Mom: Not gonna hurt till morning.
(The candle attracts moths. Some of the moths fly too close to the flame and die.)
Jocelyn: We should have a funeral for the moths.
Gabe: They can’t go to heaven.
Jocelyn: It would help us get rid of our sandwiches.
Gabe: They can’t go to heaven. They died by accident.
Gabe: Timmy told me that if you die by accident, like if you light a match in order to inspect your gas tank, or if you try to get your pit bull to bite you because your curious to see if your pit bull is vicious like other dogs and it tears you to pieces, then you can’t go to heaven. It’s the same with those moths. They can’t go to heaven because they died of stupidity.
Theresa’s car. Jocelyn and Theresa are driving down the road. Jocelyn is wearing extremely large bell bottoms. Theresa is wearing a short dress and saddle shoes.
Jocelyn: I don’t really want to go to Catherine Leblanc’s party, but maybe it’ll help us find out something about where Gabe is.
Theresa: Yeah, it’s weird, Gabe just disappearing like that.
(“You Sexy Thing” comes on the radio. The girls start singing along.)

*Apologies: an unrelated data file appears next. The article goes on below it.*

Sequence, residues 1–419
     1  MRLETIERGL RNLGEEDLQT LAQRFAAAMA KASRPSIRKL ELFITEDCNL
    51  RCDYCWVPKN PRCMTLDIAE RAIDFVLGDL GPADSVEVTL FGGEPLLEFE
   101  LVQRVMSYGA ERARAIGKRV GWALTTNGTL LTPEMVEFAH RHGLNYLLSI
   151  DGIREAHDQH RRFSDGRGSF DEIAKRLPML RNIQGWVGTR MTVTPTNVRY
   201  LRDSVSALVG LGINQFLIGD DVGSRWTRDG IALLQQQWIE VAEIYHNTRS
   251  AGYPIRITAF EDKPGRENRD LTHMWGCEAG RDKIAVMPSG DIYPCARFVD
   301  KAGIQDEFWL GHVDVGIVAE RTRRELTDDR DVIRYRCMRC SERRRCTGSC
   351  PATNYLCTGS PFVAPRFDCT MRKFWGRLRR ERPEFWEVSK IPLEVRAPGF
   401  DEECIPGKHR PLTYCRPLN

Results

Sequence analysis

Girls: I believe in miracles, I believe in miracles, I believe in miracles.
Anncr: That was the band Hot Chocolate with the song You Sexy Thing. I’m Casey Kasem. You know, I’m a young broadcaster in the prime of my career and yet I suck.
Theresa: So yeah, Gabe’s disappearance is weird. Maybe it’s like Patty Herst, and Gabe’s been kidnapped by some radical political organization, except he’s not being held against his will because he actually agrees with the groups mission and ideals.
Jocelyn: Somehow I don’t think so.
Theresa: Maybe he and Bernadette went to the city because he was pregnant.
Jocelyn: Did you just say he or she?
Theresa: I said she.
Jocelyn: I’m pretty sure I heard you say he.
Theresa: Oh. Anyway, that happened with Susan Hopkins. She and her boyfriend went to
to live after she got pregnant. Man, just think of Gabe and Bernadette riding